Perhaps it's cultural. Being assertive, tough, ballsy are all very American traits and I suppose I am an American now (separate from the fact that I listen to NPR all day long, have a subscription to the New Yorker, refuse to call it TK Maxx and favor color.) Perhaps the lack of sleep is making me too sensitive. Who knows?

Monday, March 19, 2018

Every man his stony acre

Right now in my kitchen window

I love this time of the day. Seven o'clock in the morning. Snow on the ground, but pink light in the sky indicating that sunshine may be here soon. The branches I picked in the woods on my mother's advice have fully fledged bright green leaves on them, which is as thrilling as you can imagine after such a long, dark, grey winter. Just the merest thought of spring makes me feel like a very buoyant Tiggerrrrr.

The truth is, it lifted*. Everything is looking up. We drove through Swaffham in Norfolk and TWICE there were murmurations of starlings, both there and back. Twice. Now if that isn't a sign! I have googled "Murmurations Swaffham" and I still don't understand why that town possesses such magic.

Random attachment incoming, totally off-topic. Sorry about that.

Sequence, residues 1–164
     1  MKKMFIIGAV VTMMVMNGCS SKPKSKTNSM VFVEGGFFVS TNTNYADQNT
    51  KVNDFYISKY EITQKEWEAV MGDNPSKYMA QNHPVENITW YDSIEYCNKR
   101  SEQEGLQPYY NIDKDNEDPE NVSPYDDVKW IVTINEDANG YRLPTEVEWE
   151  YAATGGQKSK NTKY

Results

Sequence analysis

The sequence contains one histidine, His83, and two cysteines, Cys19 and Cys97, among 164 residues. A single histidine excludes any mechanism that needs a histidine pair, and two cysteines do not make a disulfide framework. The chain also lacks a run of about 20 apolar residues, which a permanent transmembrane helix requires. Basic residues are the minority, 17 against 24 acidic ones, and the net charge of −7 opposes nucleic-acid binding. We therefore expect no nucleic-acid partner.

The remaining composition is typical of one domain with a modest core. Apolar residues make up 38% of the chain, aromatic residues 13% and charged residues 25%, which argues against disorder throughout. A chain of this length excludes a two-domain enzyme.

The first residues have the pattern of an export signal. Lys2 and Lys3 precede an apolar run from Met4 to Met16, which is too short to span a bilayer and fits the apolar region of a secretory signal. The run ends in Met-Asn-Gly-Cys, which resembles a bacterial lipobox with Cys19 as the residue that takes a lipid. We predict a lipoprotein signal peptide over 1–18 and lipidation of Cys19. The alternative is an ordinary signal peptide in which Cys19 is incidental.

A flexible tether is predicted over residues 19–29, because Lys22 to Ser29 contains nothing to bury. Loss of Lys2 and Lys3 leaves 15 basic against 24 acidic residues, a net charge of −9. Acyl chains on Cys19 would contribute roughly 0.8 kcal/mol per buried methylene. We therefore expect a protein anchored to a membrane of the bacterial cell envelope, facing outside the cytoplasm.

We stayed in a huge, comfortable, elegant, dog-strewn, messy house in Great Massingham on Friday night, feasted on a supper of venison sausages cooked in red wine, shallots and juniper, and slept in an enormously comfortable Victorian sleigh bed with gorgeous, old, mismatched sheets and pillowcases, surrounded by church windows (we were on the site of a medieval Abbey). In the morning, the wood pigeons perched on our window sills and mournfully called out to Betty. Large blonde dogs invaded the bathroom as I sat in the clawed tub, surrounded by books and Colefax & Fowler wallpaper circa 1986. Oh I love houses that are dressed in the eighties fashion, so Princess Diana in their ruffled collars and, their raw silk, and blazingly loud chintz, their tassled, blousy curtains.

I said, as I do (to be fair, almost wherever I go, like Paul Young who lays his hat) "Let's Live Here!" "You Must Buy It!" said my sister on text, in unison. Norfolk is where I feel at home. And let me explain why: it's in my blood. My father felt like himself there. The bones of my family, for many generations, lay in that earth. And the people are my people. There are bohemians, poets, artists, potters, gardeners, hen lovers, watercress growers, mad horse people ("there are no rules with riding in Norfolk" said my friend Lily who is 15), free spirits. Here in the Chilterns, arguably the most beautiful countryside in the south of England, there are more bodices, more lacing, a tendency to sensible beige footwear and practical cars, to an adherence to an unspoken code, and perhaps a sense of shock, yes SHOCK! at ideas not found in the pages of the venerable, pearl-clutching Daily Mail. "I want to be where the people are," to quote The Little Mermaid. My people.